Aug. 1, 2020 — During this run of warm weather, the Oregon Coast Humane Society (OCHS) reminds pet owners how dangerous it is to leave an animal in a car, even for a few minutes.
“Cracking the window and trying to park in the shade isn’t going to make enough of a difference,” said OCHS Executive Director Charles Brown. “On a 70-degree day, the inside of your car or truck may raise to 90 degrees within minutes, and up to 115 degrees within an hour.
“On an 85-degree day, it only takes 10 minutes for your care to reach 102 degrees inside and 120 degrees within 30 minutes. At that point, your beloved pet will be suffering significantly.”
According to Brown, animals can sustain brain damage or die from heatstroke in just 15 minutes.
Pets at the highest risk for overheating, and resultant organ and brain damage, are young, elderly or overweight animals, those with short muzzles and those with thick or dark-colored coats.
The only way a dog can cool itself is by panting.
“A car may overheat even when the windows are left open an inch or two. Shade offers little protection on a hot day and will move as the sun does. Heat builds up in a poorly ventilated car even in the shade,” Brown said. “Breaking a window to rescue a stranger’s animal is an option, but it comes with legal responsibilities.”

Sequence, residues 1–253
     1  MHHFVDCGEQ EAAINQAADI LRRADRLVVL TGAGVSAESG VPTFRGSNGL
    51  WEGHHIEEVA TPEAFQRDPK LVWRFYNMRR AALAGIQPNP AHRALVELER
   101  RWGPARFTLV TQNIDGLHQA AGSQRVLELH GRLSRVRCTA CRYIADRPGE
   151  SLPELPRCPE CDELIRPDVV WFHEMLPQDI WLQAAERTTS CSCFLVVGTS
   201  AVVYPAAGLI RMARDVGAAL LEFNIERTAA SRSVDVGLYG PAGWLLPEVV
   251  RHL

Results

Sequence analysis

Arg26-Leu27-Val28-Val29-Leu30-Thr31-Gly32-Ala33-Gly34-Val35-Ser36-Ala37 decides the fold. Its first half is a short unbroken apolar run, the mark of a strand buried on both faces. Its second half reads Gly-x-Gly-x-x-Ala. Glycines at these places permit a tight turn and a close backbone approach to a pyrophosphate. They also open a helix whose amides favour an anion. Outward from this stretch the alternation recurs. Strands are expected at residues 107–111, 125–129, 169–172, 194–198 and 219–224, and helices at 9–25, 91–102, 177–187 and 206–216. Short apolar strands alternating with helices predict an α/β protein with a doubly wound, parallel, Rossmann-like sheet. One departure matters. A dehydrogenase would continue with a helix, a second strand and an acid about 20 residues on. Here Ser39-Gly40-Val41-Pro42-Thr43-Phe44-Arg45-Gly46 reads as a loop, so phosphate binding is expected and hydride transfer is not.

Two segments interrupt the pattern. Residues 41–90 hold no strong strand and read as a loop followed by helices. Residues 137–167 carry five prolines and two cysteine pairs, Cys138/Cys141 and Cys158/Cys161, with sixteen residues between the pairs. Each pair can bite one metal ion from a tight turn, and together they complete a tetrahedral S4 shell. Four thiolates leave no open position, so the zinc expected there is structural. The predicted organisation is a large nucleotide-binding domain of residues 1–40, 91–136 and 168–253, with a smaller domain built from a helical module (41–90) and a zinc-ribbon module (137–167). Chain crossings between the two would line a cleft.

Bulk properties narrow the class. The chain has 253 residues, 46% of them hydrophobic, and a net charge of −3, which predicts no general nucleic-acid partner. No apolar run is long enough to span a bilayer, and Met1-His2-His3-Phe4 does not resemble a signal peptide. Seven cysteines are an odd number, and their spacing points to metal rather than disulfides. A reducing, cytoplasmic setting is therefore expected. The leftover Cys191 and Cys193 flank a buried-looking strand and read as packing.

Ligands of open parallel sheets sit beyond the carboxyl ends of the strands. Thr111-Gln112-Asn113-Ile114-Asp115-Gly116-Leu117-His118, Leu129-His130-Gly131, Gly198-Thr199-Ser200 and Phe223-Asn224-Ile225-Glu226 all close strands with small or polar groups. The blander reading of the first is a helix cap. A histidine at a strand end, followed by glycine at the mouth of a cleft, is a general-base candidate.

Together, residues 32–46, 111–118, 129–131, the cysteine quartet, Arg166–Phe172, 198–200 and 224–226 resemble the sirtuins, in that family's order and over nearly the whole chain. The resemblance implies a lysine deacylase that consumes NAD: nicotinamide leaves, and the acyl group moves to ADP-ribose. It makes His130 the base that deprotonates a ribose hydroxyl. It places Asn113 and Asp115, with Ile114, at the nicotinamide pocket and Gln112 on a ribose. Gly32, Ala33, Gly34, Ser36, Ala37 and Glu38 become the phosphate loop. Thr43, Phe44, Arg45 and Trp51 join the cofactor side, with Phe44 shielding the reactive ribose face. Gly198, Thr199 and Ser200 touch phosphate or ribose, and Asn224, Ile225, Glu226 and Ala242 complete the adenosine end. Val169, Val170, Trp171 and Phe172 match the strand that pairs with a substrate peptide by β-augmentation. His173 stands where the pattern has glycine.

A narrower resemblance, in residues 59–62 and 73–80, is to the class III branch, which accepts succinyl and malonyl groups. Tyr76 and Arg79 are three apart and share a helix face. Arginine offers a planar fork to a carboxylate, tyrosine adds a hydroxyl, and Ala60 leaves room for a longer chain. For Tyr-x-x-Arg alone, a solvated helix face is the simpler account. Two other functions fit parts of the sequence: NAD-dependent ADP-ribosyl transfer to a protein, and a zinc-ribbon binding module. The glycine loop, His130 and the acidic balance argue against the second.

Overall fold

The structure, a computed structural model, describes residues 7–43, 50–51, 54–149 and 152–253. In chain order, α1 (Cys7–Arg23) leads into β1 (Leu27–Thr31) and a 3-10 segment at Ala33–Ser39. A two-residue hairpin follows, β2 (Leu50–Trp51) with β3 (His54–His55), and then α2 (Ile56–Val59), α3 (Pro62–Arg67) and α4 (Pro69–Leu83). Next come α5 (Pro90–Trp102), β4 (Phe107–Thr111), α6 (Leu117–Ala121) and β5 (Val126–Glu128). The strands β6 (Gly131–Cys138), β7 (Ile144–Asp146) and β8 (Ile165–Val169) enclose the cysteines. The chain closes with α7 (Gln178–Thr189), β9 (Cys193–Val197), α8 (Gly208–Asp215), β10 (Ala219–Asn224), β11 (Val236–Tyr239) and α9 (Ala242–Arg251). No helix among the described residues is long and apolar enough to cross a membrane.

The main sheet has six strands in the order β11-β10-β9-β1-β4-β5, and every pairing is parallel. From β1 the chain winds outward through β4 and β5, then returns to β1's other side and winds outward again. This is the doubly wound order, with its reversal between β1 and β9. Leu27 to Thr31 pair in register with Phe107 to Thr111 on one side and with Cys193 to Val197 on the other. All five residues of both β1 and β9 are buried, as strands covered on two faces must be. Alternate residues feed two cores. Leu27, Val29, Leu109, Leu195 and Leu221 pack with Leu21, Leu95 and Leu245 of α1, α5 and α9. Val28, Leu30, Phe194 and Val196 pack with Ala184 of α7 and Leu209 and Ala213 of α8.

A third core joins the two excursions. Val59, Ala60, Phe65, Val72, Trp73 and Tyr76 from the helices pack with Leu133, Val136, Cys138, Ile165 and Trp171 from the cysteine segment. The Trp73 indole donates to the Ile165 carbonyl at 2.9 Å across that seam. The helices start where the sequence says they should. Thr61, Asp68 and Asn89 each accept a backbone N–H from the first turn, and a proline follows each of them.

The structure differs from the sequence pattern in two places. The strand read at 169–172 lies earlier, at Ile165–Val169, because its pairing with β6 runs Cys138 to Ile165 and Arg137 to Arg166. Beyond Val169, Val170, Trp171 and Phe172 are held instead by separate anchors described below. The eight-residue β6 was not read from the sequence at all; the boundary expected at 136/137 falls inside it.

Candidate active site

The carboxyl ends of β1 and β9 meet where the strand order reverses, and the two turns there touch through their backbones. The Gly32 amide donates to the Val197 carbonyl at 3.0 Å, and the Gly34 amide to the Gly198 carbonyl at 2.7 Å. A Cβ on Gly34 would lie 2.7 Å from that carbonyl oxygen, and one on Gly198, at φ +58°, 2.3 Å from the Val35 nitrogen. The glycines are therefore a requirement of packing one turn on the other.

Florence Police Commander John Pitcher said that concerned citizens must contact police before breaking the window of a vehicle, thus giving an officer time to arrive on the scene.
If a person elects to break the window before police arrive, they are required by law to stay with the vehicle, and animal, until police arrive.
If the act was found unnecessary, the person is held liable for damages; if it was found to be necessary to rescue the animal, the person will not be held liable.
“Before taking the radical step of breaking a window, call 911 or enter nearby stores and have the vehicle’s owner paged by giving the vehicle’s description (make, model, color) and vehicle license plate number. A description of the at-risk animal helps too,” Brown said.
For pets, heatstroke symptoms include heavy panting, lethargy, excessive thirst, thick saliva, restlessness, rapid heartbeat, fever, lack of appetite, dark tongue, vomiting, bloody diarrhea and lack of coordination.
“If a dog shows any of these symptoms, get it out of the heat, into an air-conditioned environment, and then to a veterinarian immediately,” Brown said.
To learn more, adopt or foster a pet, volunteer to walk a dog, or make a financial contribution so OCHS’s residents can find their “fur-ever” home, call the humane society shelter at 541-997-4277, stop by the shelter at 2840 Rhododendron Dr., or visit OregonCoast HumaneSociety.org.
OCHS is a 501(c)(3) nonprofit organization.
Donations are tax deductible.